From one perspective, the Green Bay Packers are in good shape at offensive tackle. With All-Pro left tackle David Bakhtiari and right tackle Billy Turner, Green Bay has one of the better duos in the NFL. However, Bakhtiari is coming off a torn ACL and might not be ready for Week 1 and there is no depth whatsoever with Rick Wagner and Jared Veldheer pondering retirement while in free agency. Remember, last year’s No. 3 tackle, Wagner, played almost 60 percent of the offensive snaps, so there is a need.
Oregon’s Penei Sewell is our No. 1-ranked tackle.
Malaeimi, a village near the American Samoa capital of Pago Pago, produces football players like perhaps no place on Earth.
That’s where Oregon’s Penei Sewell, arguably the best offensive lineman in the draft class, was born. His brothers play college football, too. Gabriel is a linebacker at Nevada, Nephi is a defensive back for Utah, and Noah is a linebacker for Oregon. They were part of a family of seven that slept on futon mattresses on the floor of a home the size of a garage. In 2012, they moved to the United States – Utah, to be more specific – in hopes of the boys being noticed by recruiters.
“It was my job as a dad to make sure their heads never got big,” the boys’ father, Gabriel, told Oregon Live. “I had my deflating needle to make sure they didn’t get big heads. When they come home, they fall right back in line in the pecking order. We’re not here to do their laundry. They contribute around the house and help their mom. Parenting is constant work.”
Penei Sewell learned those lessons well. In 2019, he was a unanimous first-team All-American and winner of the Outland Trophy as the nation’s top lineman. He also won the Polynesian College Football Player of the Year.
"I think that by position he might be the best player in all of college football," ESPN/ABC analyst Todd Blackledge, in a quote provided by the Oregon athletic department, said before the Rose Bowl against Wisconsin. "He's a combination of brute strength and athleticism. He has the strength of an offensive lineman, but he has the feet of a tight end.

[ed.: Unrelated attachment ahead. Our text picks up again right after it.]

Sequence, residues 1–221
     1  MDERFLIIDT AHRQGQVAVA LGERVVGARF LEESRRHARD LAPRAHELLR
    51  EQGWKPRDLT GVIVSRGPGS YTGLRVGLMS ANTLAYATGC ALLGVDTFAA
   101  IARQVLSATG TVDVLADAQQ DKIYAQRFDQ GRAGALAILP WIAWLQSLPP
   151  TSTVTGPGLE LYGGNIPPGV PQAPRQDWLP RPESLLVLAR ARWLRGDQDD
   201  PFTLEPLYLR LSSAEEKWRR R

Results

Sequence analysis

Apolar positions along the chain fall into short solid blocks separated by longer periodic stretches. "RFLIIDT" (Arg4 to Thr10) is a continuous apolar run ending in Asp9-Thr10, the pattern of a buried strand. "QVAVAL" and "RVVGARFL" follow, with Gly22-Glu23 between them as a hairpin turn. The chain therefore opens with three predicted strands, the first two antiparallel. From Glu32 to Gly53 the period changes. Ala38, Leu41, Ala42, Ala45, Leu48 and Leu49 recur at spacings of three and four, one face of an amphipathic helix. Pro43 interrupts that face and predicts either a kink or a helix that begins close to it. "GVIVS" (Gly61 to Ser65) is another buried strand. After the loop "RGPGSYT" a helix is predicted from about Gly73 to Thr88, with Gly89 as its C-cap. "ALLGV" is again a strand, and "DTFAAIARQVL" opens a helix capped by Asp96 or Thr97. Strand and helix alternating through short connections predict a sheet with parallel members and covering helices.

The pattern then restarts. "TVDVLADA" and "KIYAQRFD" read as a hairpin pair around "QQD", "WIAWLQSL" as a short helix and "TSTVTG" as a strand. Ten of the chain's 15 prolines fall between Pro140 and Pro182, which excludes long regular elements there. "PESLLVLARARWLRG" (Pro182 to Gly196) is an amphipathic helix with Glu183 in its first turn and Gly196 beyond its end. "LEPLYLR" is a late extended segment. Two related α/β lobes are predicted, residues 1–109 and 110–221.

“He’s a very athletic kid who gets out in space and just demolishes people. We talk about quarterbacks having some ‘wow’ plays; there's about four or five plays a game, whether it's a pass block or a run block, where Penei Sewell makes you go ‘wow,’ as well.”
That Rose Bowl wound up being Sewell’s final collegiate game, the last of 20 career starts at left tackle. He opted out of the 2020 season.
“I like to play real physical,” he said before Oregon’s pro day. “I like to use my body type to my advantage and to really get up under people’s chin and really showcase my mentality, also, to go along with my physicality, that I’m coming off the ball every play with violent intentions and that nothing less is coming from that.”
Sewell entered the 2020 season deemed the best offensive tackle in the draft. Now, at least in media circles, he’s battling Northwestern’s Rashawn Slater for that distinction.
“That's their own opinion. Just go put on the tape,” he said. “Everybody just go ahead and watch what I do. Nobody can do what I do in this draft in the offensive tackle rooms. I bring something totally different to the table.”
Measureables: 6-foot-4 7/8, 331 pounds, 33 1/4-inch arms. 5.09 40, 4.68 shuttle, 30 bench-press reps.
Stats and accolades: Sewell opted out in 2020 but was a brick wall in 2019. According to Pro Football Focus, he allowed zero sacks and seven pressures in 491 pass-protecting snaps. Sports Info Solutions charged him with two sacks and 17 blown blocks (eight runs, nine passes) but running plays to his gap averaged 2.5 yards before contact, according to SIS. He was guilty of two holds. In 2019, he became the first sophomore to win the Outland Trophy. He was a unanimous first-team All-American and winner of the Morris Trophy as the Pac-12’s best lineman as voted on by the conference’s defensive linemen.
NFL Draft Bible says: This is an angry mammoth on the field, full of ferociousness who holds teammates accountable. He possesses long arms, wide hips and is a difficult body of mass to move. His intensity is unmatched. A forceful run blocker who has done his fair share of mauling, Sewell is an elite level pass blocker who owns vice grips that serve as hands. He also understands angles, how to bait opposing linemen and get them out of position on run plays. On the backside of zone, there may not be a more gifted offensive lineman in the class. With his outstanding athletic ability, Sewell is able to cover a ridiculous amount of ground, including on screen plays.
About This Series
Packer Central is introducing you to the top prospects, both on and off the field, in this year’s NFL Draft. The series is starting with the top five at each position, then will add additional players as the draft approaches, with a focus on positions of need.
OT5: Coming up